Far north Queensland is still facing a destructive cyclone and locals have been warned not to be complacent after the storm was downgraded.
Queensland’s Bureau of Meteorology downgraded Ita from a category five to a category four at 5pm.
Coastal residents between Cape Melville and Cape Tribulation, including Cooktown, are being warned of a dangerous storm tide.
Premier Campbell Newman has warned residents to take care.
“It’s still a destructive cyclone which has very strong winds and the communities of Hopevale and Cooktown are staring down quite a destructive cyclonic event,” he told reporters in Cairns.
He said those residents should have moved to cyclone shelters or homes on higher ground.
The safest part of a house is the bathroom because of the plumbing and strength of the structure, he added.
“We all can get through this without anyone being injured or killed,” he told reporters in Cairns.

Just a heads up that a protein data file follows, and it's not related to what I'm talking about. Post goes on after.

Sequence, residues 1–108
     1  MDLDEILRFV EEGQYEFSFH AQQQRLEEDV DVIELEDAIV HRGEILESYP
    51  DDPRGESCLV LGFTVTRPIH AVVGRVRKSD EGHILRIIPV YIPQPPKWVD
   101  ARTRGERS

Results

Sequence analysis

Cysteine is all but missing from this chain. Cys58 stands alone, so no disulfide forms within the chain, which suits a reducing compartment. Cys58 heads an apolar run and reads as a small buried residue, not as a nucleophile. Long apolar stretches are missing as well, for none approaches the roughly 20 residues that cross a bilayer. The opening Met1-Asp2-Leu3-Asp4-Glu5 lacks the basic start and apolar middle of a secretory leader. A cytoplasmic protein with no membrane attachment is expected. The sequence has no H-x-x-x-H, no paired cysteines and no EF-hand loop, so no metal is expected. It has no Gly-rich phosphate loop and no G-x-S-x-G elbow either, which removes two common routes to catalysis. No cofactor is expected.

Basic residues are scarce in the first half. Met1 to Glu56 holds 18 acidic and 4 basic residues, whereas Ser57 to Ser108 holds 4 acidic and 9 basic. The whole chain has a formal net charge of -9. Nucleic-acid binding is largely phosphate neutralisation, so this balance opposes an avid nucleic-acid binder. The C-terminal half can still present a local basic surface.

Crews on standby
“I want people to know you are not alone. We are all being backed up by a very big team.”
Mr Newman said a large number of fire crews, ambulances, police and other services were ready to swing into action.
There could be massive storm surges from Cape Tribulation to Cairns, with Cooktown expected to have surges of up to two metres above normal tides during the black of night.
Damaging waves, strong currents and flooding of low-lying areas are expected in the area.
Destructive winds may hit Cairns and Innisfail and as far inland as Chillagoe on Saturday.
The powerful storm will rip off roof tops, destroy homes and level forests, James Cook University Geoscience Professor Jonathan Nott, who is in Cooktown to study Ita, told AAP.
“It will be absolute mayhem,” he said.
“If this tracking doesn’t change in the next six hours then I think it will be an absolute calamity.
“There’ll be a lot of building damage, a lot of trees and tin lying across roads, power lines down … and if this cyclone maintains its strength we will see the forests stripped.”
Prof Nott said weather conditions, including sea surface temperatures, have been a perfect environment for it to form.
He said Ita is small but as intense as Yasi, which tore through Queensland in 2011.